Paton Blough has two labels he will have to bear for the rest of his life: “bipolar” and “convicted felon.” Having been arrested during his delusional episodes, Blough uses his experiences to help train police officers in crisis management when dealing with the mentally ill.
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Finally tonight, as part of our Broken Justice series, we have a "NewsHour" essay.
Paton Blough opens up about his bipolar disorder and frequent encounters with law enforcement.
PATON BLOUGH, Founder, Rehinge:
I have two labels I will carry the rest of my life, bipolar and convicted felon. They're not mutually exclusive.
I have been arrested six different times, all the while in a delusional, paranoid state of mind caused by my illness. What you know about society and how people typically behave doesn't apply to me. I enter a department store, and it feels right to immediately take off my shoes.
I'm convinced the government is plotting to control me, playing carefully selected songs on the radio to persuade me into making a certain decision, so I change the station just to spite them. I throw three fingers up at a public security camera and tell President Obama to read between the lines.
No, the rules of society don't apply to me, not when I'm having one of my episodes.
I just raise my hand like this.
My episodes, which are rare, can happen at any time and take many forms, from creating a piece of art, to aggressively accusing UPS employees of being government workers smuggling weapons through their delivery routes.
I'm able to show you these pictures because my wife has documented these episodes, so that we can learn more about myself and ultimately help others learn.
My gosh, this is a mess. You created a studio up here, baby. You look like a true artist.
You see, I'm not alone.
More than half of all prison and jail inmates have a mental health issue. You can imagine the kind of reaction someone like me might have when delusions trigger an incident in which a police officer wants to engage with me or, worse, arrest me.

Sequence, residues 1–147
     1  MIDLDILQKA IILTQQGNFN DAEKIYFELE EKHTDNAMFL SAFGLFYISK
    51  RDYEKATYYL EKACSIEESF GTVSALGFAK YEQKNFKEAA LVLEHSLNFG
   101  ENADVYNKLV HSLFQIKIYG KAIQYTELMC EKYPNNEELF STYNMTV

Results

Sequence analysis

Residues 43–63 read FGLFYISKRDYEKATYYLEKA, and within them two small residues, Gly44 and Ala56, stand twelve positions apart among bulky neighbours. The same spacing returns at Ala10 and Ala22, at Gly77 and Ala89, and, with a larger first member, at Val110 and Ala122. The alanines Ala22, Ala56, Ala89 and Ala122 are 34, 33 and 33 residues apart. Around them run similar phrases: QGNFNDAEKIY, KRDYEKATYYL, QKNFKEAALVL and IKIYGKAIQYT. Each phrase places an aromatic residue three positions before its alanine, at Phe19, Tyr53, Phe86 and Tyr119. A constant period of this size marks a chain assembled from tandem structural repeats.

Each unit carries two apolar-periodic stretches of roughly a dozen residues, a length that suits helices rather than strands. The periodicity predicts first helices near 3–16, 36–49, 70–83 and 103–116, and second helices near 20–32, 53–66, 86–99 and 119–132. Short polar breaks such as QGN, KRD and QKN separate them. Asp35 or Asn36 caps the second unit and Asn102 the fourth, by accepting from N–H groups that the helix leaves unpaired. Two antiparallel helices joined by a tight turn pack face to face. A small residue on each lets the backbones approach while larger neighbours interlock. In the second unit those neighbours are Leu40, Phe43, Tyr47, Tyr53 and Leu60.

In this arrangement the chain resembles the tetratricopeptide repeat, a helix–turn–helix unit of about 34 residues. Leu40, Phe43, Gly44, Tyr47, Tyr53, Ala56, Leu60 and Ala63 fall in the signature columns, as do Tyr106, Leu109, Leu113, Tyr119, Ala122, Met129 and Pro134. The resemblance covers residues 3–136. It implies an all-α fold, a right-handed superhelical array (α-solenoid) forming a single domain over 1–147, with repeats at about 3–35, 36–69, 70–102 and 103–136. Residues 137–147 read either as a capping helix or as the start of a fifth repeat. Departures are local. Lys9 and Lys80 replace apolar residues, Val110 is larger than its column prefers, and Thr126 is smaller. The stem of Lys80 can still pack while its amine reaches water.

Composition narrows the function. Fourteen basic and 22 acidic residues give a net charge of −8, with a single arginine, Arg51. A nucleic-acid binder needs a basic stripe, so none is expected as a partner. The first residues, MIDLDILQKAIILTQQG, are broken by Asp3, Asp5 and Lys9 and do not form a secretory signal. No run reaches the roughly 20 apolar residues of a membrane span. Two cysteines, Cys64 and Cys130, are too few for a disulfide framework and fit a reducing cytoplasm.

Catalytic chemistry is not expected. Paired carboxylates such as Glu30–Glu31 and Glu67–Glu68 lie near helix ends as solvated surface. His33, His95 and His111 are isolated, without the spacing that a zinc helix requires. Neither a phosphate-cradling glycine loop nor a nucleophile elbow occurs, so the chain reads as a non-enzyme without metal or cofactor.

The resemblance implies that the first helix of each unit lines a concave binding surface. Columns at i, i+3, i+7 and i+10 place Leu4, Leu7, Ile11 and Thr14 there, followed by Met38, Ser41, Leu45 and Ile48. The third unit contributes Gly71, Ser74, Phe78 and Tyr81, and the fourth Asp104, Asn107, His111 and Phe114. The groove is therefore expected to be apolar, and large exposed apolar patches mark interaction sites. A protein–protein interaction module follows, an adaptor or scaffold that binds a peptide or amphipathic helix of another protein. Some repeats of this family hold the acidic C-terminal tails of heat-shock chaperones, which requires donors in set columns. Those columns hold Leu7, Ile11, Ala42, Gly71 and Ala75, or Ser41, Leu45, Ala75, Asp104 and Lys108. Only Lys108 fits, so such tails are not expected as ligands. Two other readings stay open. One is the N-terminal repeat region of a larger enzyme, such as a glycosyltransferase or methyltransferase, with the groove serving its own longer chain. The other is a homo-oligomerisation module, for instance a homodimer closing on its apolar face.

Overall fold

Three of my six arrests went relatively well, with police getting me into custody safely. The other three were extremely violent, because, in my head, I was fighting for my life.
I was Tased in the back of the police car in our hospital parking lot with leg irons and handcuffs on. And one of my charges that night were destruction of county property, because I broke the leg irons.
Thankfully, around six years ago, my recovery killed into high gear. I was asked to share my experiences with officers as part of something called crisis intervention training. In my experience, most officers want to help, but often simply lack the training to know what to do in these tough situations.
One time, I was arrested by an officer who I believed naturally possess many of the things we train. He slowed down and didn't force the issue when I accused him of being an undercover agent. He waited for my brother to come from across town to bring my meds.
When I accused him of giving me a poisoned bottle of water so I could take my pills, he immediately offered to take a sip to prove it was fine. There is no doubt we need more officers like this today.
I came up with a training sheet which quickly describes for the police how to deal with someone like myself. Let the person think they're in control. Slow down and stay calm. One thing I always tell them is to imagine the person they're dealing they're dealing with is their brother, mother or good friend.
The biggest shame of my life has been my criminal record, but now I get to take those experiences and help my community.